Cate: It’s just enough time to get used to it and then you’re thrust out into the heat .  

Esther: Exactly, right. So I think that was one major thing but, like you said getting right into having to transition into work wasn’t so easy. I think that was one of the reasons why I just said okay, let me go back and do my NYSC, and from there I worked with the legacy Ministry of Health. That's kind of like the local council in one of the states in Nigeria. So it wasn't really so hard and I had family and friends who supported. I still have connections with my personal tutor in the UK, Paul is amazing. Anytime I run to him, he's like Esther, you come back to me with different, unique, amazing sectors of your life. At different times you're doing different things.  

I’m just someone who's very resilient to be able to take every opportunity as it comes and make the most of it, so that I don't have any regrets eventually. So yeah definitely, I think there would have been some challenges, but I don't think it would have stopped me to achieve what I wanted. Well, I’m here right now so I guess we can say I’m doing good for myself. 

Cate: Yes, you’re thriving. I think you're doing really well. Did you find, like culturally, was it difficult to get back? Are there differences culturally in the work environment in the UK vs Nigeria? What was that re-assimilation like?  

Esther: Oh, wow okay. It's not everywhere you can call people by their first names because we’re a different culture or type of people here so you have the Mrs, the Ma, the Sir, so all the type of things really. I had the privilege of working with people that understood where I was from. And funnily enough, I met some University of Birmingham alums there. It was really amazing.  

I think it wasn’t so hard because globalisation has made a lot of people try to understand that what you grow up with is different from other people, so your background is different from mine. I think the only place where work needed to be done is when you have to work with a superior person and then you have to understand how the structure of the organisation works. So I work for Junior Achievement. It’s a global organisation, we are a first name basis, so I call my boss, who is way older than I am, by their first name.

So yeah, I think each place I have been able to work and, glory to God it has just been two, it’s really been easy to transition across cultures and as much as it’s different, we still have people that have diversified so it’s a very holistic and embracing space.   

Cate: That's wonderful and I would imagine that a lot of times when you go and experience a different culture and really immerse yourself in it, then the returning, we talk about this reverse culture shock sometimes. So I'd imagine being able to be in a position where you're fortunate enough to work with other individuals who understand that and who also are open minded and, like you say, working for very well rounded and holistic and organisations and people make that transition back so much easier.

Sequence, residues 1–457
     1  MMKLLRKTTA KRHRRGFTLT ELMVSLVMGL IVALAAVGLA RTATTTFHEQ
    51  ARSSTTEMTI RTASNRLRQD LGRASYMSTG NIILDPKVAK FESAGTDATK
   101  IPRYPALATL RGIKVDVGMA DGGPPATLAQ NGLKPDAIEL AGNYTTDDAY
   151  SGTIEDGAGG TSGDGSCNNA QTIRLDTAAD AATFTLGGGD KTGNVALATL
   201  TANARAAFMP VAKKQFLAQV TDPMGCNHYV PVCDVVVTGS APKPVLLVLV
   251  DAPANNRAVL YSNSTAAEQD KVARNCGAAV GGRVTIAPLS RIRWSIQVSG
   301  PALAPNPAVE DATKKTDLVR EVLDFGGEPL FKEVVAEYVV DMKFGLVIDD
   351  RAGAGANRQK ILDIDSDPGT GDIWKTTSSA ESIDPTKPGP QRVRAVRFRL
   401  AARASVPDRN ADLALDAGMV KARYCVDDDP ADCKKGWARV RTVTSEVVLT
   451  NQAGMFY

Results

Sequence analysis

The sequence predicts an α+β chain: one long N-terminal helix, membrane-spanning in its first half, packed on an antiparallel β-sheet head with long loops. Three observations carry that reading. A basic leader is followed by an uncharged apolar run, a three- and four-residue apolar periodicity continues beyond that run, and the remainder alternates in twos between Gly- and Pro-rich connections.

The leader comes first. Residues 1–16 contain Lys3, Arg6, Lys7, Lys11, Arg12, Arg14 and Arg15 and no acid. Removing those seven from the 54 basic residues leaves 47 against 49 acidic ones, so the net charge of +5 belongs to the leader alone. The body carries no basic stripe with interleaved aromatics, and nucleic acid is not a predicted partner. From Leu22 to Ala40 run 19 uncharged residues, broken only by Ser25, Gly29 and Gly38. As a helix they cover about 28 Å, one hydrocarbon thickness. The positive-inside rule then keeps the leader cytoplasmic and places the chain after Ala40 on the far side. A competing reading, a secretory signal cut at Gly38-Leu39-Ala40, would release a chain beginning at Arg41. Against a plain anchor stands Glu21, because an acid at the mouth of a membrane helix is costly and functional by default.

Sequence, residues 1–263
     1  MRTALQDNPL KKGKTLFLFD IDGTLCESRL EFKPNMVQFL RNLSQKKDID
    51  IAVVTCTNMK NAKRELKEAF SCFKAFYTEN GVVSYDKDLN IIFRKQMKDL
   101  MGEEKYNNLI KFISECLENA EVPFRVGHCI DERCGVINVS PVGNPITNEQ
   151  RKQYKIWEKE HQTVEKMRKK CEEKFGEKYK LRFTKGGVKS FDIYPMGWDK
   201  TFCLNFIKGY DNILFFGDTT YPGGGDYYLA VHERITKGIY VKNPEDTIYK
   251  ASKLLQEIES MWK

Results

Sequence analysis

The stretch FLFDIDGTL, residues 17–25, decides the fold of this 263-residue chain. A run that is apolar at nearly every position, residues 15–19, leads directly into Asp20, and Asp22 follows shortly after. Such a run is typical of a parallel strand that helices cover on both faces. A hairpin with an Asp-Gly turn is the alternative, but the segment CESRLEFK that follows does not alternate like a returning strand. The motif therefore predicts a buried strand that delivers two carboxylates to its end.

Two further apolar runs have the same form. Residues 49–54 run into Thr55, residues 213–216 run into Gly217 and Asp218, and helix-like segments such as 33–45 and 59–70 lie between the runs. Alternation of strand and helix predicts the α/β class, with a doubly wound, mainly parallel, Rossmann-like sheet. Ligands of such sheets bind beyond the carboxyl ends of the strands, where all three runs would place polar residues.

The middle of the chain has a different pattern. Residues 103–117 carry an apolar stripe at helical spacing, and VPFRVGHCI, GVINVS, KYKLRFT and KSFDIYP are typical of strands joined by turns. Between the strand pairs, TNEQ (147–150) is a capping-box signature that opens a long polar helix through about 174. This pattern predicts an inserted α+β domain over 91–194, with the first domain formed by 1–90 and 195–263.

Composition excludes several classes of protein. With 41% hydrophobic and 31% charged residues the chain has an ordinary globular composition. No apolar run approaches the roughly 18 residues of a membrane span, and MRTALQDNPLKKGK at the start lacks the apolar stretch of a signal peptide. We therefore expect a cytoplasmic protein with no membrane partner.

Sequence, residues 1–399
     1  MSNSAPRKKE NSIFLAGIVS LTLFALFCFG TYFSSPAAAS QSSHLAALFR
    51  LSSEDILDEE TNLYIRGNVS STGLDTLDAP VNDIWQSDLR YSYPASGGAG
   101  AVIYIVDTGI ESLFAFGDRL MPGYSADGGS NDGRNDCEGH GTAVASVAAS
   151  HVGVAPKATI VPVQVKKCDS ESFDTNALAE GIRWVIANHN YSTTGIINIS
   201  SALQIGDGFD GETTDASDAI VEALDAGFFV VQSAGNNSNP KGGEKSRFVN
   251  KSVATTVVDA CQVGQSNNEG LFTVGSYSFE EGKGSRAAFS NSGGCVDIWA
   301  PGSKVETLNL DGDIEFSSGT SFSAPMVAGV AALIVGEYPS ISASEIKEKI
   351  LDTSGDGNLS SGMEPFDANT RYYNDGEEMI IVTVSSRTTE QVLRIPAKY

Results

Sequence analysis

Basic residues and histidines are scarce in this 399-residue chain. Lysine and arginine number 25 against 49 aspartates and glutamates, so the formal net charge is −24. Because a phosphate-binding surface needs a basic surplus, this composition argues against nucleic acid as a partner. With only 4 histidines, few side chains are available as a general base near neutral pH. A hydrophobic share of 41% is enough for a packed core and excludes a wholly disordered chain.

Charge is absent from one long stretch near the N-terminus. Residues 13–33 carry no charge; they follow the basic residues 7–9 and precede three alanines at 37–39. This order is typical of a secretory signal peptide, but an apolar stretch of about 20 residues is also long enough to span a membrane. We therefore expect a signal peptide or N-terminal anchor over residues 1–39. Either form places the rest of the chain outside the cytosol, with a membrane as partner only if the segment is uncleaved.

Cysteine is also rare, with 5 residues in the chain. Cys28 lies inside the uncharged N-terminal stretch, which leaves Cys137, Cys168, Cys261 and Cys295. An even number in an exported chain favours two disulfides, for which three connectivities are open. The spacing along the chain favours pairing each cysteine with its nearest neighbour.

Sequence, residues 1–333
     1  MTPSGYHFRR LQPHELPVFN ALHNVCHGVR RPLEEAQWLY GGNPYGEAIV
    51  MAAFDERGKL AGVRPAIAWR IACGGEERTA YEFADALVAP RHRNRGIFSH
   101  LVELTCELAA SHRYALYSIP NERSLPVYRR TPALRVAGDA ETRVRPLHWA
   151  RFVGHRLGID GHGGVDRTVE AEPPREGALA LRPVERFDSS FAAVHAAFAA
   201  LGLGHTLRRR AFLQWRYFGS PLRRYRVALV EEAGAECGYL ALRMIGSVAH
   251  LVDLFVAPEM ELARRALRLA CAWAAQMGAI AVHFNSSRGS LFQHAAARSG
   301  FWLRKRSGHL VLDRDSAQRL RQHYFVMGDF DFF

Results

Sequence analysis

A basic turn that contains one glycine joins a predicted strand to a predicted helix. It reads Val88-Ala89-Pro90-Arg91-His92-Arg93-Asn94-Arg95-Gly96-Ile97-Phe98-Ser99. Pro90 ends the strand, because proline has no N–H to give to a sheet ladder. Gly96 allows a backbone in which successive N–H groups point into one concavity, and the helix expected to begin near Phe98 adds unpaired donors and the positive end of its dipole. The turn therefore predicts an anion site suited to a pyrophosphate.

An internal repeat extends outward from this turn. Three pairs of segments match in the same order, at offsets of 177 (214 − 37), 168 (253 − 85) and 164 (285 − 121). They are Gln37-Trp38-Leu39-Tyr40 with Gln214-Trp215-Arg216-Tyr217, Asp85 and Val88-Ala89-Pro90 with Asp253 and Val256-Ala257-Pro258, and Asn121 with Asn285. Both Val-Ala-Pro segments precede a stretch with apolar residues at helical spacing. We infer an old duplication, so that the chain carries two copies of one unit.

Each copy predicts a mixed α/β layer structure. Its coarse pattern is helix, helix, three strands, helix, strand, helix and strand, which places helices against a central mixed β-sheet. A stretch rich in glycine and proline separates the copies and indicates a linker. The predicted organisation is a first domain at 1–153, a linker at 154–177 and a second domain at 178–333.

So then talk to me a little bit about the transition from studying at university to working, how did you find that transition and were there any elements of it that you were surprised about when you entered the workforce, or that you found to be challenging in the day-to-day or that you were surprised about?  

Esther: I think it wasn't so hard, I would say. So at my undergrad we were prepared for the job market. At University of Birmingham, I attended at least some webinars and some seminars, physical seminars about recruitment and stuff, so it prepared me, I would say that.  

Right, but at the same time, I think there were just available opportunities to learn different things. So, while in school some of your things being covered by family and all that, but now I began to work you begin to understand that things cost money. I have to budget my money, I have to save and the things I need to get are more than the money I’m making, so what do I do.  

So yeah, these are particular things that come to mind when I remember transitioning. Like I said, when I started the makeup business, decisions had to be made. Back in this side of the world, they say to you your life is in your hands right so you got to make decisions that make the most of it so that later on you can be good enough to live with the consequences.  

Cate: Well yeah, I think that's the thing and I think that for some, the gravity of that is quite a shock when you then go from studying where you know for all intents and purposes a lot of your scheduling is done for you, a lot of decisions are made for you and, yes, there are a lot of things that you do have control over whilst you're studying, I’m not suggesting that you don't, but your primary focus is to get your education and that's what you are most concerned about.  

That's, not to say that a lot of people don't have other concerns like financials and things, but I think for a lot of students when they then graduate and enter the world of work, you’re suddenly hit with like you say the budgeting and the life admin that have very real time consequences to them, and I think it can be daunting when you have lots of decisions to make and you're not necessarily sure which path to go down and it sounds like you're one of those type of people that just grab every path and take every opportunity and think well at least I can say that I've tried it, which I think is fantastic and it's such an entrepreneurial spirit that you have.